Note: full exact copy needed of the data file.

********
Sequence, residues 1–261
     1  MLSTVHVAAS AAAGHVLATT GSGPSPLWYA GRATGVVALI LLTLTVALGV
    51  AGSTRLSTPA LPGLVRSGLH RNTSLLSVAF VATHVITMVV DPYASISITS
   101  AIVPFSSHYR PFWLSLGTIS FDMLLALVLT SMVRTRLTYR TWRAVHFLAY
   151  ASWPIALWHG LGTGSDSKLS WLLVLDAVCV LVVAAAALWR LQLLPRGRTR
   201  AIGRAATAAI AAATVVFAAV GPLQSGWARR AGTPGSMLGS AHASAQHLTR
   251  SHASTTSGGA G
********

Sequence, residues 1–261
     1  MLSTVHVAAS AAAGHVLATT GSGPSPLWYA GRATGVVALI LLTLTVALGV
    51  AGSTRLSTPA LPGLVRSGLH RNTSLLSVAF VATHVITMVV DPYASISITS
   101  AIVPFSSHYR PFWLSLGTIS FDMLLALVLT SMVRTRLTYR TWRAVHFLAY
   151  ASWPIALWHG LGTGSDSKLS WLLVLDAVCV LVVAAAALWR LQLLPRGRTR
   201  AIGRAATAAI AAATVVFAAV GPLQSGWARR AGTPGSMLGS AHASAQHLTR
   251  SHASTTSGGA G